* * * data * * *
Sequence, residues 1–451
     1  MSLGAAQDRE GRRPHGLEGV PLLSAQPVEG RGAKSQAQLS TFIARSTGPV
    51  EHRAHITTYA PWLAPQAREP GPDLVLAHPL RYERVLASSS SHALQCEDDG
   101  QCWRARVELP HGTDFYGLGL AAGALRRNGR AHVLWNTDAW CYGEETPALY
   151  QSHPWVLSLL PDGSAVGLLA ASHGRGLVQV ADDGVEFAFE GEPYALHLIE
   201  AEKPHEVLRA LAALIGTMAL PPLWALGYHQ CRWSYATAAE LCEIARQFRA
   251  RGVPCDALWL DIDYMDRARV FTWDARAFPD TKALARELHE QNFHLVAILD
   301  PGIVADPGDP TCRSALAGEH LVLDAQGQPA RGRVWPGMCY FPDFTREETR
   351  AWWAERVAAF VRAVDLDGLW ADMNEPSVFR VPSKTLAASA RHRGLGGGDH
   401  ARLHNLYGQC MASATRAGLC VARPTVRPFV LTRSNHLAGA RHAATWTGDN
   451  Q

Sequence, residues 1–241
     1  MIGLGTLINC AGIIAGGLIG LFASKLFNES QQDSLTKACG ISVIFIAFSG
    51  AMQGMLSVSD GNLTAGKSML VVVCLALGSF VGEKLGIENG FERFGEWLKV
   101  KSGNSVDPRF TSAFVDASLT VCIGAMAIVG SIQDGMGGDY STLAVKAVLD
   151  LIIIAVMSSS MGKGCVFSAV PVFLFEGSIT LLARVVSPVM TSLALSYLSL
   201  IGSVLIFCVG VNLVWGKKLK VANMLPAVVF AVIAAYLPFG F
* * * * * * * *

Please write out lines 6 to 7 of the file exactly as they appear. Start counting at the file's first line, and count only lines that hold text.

   201  AEKPHEVLRA LAALIGTMAL PPLWALGYHQ CRWSYATAAE LCEIARQFRA
   251  RGVPCDALWL DIDYMDRARV FTWDARAFPD TKALARELHE QNFHLVAILD